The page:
In total, approximately 6 million users were classified as being involved in illegal activities, who account for 5.9% of all users, however their activity is much more significant and constitutes about 30% of the Bitcoin transactions. In a more in-depth examination, the researchers attempted to assess the full extent of illegal activity using transactions among the network of user. They estimated that about a quarter of all users (28 million) are primarily involved in illegal activity, accounting for half of all transactions in the Bitcoin market. The full extent of illegal activity is estimated at about $ 76 billion a year, similar to the $100 billion illicit drug trade in the United States.

The relative share of illegal activity out of total activity in Bitcoin changed over time (see attached graph). At the beginning of the sample in 2009, a large percentage of the activity was estimated as illegal, but the absolute illegal activity was limited. In 2010 there was a decrease in the relative share of illegal activity, but between 2011 and 2013 there was a significant increase in the relative share, partly as a result of the flourishing of the trading arena over the darknet. Over the past two years there has been a significant decrease in the relative share of illegal user from 55% of all users to about 25%.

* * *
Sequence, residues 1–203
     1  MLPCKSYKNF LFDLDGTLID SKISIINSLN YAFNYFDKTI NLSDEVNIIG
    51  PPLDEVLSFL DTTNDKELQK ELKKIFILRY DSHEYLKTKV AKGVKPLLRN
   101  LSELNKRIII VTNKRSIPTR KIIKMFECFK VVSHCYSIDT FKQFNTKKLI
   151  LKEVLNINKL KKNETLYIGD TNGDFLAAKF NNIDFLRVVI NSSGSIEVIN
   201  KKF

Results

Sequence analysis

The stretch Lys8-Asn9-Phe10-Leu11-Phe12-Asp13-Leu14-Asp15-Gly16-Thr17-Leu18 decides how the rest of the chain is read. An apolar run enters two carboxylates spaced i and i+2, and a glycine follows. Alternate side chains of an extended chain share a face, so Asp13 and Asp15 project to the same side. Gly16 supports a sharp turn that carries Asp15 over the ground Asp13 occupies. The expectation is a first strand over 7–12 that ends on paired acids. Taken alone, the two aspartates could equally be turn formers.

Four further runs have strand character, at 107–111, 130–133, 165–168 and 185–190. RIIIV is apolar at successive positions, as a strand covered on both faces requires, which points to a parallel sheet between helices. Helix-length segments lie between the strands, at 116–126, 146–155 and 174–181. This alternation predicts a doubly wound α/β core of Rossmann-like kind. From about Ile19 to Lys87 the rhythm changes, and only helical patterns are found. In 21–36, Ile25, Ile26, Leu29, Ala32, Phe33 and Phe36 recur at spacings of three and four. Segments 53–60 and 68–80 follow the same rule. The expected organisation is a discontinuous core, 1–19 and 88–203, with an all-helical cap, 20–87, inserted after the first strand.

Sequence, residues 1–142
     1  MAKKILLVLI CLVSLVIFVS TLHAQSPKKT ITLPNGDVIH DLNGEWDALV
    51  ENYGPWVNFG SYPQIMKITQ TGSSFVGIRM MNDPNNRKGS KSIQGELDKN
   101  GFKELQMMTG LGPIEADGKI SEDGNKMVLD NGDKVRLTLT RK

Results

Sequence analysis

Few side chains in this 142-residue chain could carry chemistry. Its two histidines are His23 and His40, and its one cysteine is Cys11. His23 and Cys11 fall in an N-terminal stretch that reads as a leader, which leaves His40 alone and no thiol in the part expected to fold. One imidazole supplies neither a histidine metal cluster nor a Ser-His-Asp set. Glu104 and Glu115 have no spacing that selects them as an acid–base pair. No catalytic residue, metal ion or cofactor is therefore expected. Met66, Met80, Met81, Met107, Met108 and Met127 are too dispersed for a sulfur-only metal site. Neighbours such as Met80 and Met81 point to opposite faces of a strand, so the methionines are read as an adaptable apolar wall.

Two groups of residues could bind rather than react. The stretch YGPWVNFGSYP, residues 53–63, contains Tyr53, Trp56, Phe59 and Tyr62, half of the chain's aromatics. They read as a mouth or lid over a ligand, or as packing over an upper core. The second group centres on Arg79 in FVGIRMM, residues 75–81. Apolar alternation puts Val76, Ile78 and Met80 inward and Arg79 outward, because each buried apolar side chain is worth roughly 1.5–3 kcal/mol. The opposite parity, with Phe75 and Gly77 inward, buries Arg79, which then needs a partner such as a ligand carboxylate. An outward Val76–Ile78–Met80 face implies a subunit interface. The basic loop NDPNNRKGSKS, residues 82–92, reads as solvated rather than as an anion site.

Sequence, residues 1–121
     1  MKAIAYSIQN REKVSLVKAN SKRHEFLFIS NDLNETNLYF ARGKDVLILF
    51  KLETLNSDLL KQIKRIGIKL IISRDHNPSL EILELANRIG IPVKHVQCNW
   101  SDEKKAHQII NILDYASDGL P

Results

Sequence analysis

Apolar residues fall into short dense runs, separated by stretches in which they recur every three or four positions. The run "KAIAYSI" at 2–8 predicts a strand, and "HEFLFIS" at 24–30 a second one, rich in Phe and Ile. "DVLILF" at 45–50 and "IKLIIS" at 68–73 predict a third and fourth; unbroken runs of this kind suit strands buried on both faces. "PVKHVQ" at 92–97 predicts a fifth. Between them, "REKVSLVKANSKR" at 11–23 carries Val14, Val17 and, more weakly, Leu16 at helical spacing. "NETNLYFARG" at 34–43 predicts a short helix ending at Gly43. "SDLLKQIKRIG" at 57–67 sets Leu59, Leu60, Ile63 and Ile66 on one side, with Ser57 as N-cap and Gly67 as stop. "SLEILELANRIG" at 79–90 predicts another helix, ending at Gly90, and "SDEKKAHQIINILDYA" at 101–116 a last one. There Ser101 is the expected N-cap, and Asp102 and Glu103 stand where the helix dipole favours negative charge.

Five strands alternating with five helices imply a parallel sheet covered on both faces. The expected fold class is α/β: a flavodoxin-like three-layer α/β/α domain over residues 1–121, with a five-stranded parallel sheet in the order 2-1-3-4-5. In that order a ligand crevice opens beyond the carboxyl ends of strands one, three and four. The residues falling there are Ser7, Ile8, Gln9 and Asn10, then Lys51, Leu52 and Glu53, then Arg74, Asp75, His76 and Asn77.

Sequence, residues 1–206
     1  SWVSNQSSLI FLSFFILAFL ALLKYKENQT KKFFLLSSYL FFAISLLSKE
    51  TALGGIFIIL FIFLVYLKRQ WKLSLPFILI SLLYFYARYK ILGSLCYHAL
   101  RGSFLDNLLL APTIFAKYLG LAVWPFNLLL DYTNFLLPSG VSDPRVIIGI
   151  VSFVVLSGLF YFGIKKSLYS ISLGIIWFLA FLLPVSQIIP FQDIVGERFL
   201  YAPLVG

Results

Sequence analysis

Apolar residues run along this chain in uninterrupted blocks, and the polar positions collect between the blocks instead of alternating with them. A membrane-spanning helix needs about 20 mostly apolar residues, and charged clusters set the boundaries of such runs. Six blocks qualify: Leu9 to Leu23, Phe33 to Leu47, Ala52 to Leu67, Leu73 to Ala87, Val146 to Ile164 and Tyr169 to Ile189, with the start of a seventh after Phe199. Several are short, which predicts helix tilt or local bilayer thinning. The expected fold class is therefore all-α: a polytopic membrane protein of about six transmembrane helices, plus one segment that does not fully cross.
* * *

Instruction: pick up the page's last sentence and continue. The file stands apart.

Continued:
The researchers attributed this decrease in the proportion of illegal activity to two main factors. One is the entry of traditional financial investors and the "Crypto" funds, which began to view Bitcoin as a legitimate investment tool. The second is the development of other digital currencies where the level of anonymity is higher, so more illegal activity shifted to these currencies (such as Monero (XMR), Dash (DASH), etc.). Despite the decline in the relative share, it should be emphasized that the absolute level of illegal activity continued to rise during this period.

To conclude, one of the main objectives of the decentralized digital currencies is to facilitate payments that do not pass through the regular mechanisms for the transfer of funds, viewing that these mechanisms are detrimental to civilians and strengthen the control of governments and banks. However, not every governmental mechanism is necessarily bad and, especially in the context of illegal activities, regulators are required to monitor and prevent these activities.

The extent of the illegal activity exposed in this study worries the regulator and a considerable number of potential investors, but it should worry more the current investors and entrepreneurs who are not involved in illegal activities and who are interested in promoting the digital currency revolution. A significant reduction in the scope of illegal activity is a key part in turning digital currencies into a legitimate investing and payment method.